Just under 3 weeks ago (19 days to be exact) I planted a whole host of vegetable plants. These were tiny plug plants that were bought on-line and which arrived on one of the hottest days of the year so far. They came with the warning that there were threats of frosts and to be ready to protect the seedlings from cold weather! So, the words on the flyer that accompanied the delivery didn’t equate to the reality! Thankfully the garden centres had reopened a day or so before so armed with a few bags of compost and some worm cast feed I went into battle with the elements to give these babies a fighting chance. After planting came the process of nurturing.
Again, the instructions and the reality were poles apart. The instructions suggested watering every two days so the tiny plants could dig deep, seek nourishment and develop strong roots. The reality was that within hours the baby plants were wilting and in need of a drink. I fought between listening to the advice or following my gut. My gut said that they needed water, I did so, and the next day the seedlings were standing upright and ready to face another hot day. Still, the instructions said don’t water, but by the lunchtime the baby plants were lying on their sides gasping for water….so I watered. We spent a good few days playing this game and eventually the watering is down to once a day and the plants are still looking healthy. The salad leaves are providing a couple of bowls a day, and the peas have pods – hurrah!
In our yoga practice we talk a lot about strong foundations. My teaching cues almost always cover the foundations for the pose – so how to set the hands, wrists and shoulders or the feet. For years I used to attend classes and rush into the posture – I was often racing ahead and there before the teacher and if I’m honest I still do sometimes rush. It’s my nature and I am goal and deadline orientated. However, when I rush into the posture I usually have to take a step back, correct myself, re-set and start again. On the times I follow my breath, take the guidance of my teacher and build upon the foundations of the posture step by step the end result is usually better and more satisfying to my goals orientated mind.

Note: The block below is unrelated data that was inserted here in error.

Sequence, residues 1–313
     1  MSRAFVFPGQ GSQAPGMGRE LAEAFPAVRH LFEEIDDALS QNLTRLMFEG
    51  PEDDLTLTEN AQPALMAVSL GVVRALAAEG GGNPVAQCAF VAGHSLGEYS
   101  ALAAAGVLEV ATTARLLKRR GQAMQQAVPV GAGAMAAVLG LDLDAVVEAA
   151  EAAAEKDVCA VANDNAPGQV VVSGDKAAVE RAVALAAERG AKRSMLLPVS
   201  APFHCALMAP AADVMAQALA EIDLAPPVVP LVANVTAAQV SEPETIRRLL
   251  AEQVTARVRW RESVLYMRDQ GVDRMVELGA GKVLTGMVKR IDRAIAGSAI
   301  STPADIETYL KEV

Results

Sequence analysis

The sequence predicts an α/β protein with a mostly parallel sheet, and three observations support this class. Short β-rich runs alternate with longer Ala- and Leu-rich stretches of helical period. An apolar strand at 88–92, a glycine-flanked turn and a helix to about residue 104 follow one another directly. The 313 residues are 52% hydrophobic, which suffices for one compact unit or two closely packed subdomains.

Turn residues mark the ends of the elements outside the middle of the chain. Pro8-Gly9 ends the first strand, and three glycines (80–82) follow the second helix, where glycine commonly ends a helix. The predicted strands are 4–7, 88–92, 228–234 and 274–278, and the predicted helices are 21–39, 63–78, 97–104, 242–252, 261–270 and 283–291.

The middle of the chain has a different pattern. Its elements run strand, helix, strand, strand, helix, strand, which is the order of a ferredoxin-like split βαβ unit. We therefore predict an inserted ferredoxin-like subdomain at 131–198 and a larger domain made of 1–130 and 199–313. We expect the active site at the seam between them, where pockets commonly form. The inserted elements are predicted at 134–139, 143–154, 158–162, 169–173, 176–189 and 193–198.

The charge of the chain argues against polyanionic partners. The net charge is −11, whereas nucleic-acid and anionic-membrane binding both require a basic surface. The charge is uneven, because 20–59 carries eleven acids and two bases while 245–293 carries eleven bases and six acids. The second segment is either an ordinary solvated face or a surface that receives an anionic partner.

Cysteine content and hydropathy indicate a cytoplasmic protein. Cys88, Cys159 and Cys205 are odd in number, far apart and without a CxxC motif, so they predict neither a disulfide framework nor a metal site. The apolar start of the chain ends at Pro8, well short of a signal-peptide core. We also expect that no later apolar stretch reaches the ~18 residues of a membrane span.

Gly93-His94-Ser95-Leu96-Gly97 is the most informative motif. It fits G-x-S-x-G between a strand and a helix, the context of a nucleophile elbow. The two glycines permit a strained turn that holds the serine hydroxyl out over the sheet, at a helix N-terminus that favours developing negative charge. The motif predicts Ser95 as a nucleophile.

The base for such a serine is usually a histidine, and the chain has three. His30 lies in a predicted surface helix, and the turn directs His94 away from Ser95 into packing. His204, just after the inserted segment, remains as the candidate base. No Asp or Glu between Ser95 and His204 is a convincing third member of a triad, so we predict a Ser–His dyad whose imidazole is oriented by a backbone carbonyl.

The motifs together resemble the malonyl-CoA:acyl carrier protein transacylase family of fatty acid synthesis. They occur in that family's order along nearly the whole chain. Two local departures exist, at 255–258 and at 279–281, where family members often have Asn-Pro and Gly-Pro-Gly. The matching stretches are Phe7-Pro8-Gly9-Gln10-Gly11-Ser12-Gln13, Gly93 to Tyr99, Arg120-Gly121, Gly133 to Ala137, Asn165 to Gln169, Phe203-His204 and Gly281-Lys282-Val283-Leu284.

My little veg patch is a very good reminder to me that it takes a while to build strong foundations and see the fruits of the time investment. There is a quick way of getting kale, broccoli, beans and peas – it involves a short drive to the supermarket. However, once the week’s shop has been eaten there is nothing left. I am trying the slow way of building the foundations and growing my own veg which should (I hope) give ongoing results. Yoga practice is akin to this – build the foundations and watch the results. The results don’t come immediately and it can take a while to achieve that “nemesis” pose. Sometimes that pose never seems to work but the by-product of focusing on it is such that all the rest of the day’s problems/challenges, etc. melt away. As with the veg patch, it’s not really the end result that’s important (although it would be nice), but it’s more about what’s learned along the journey.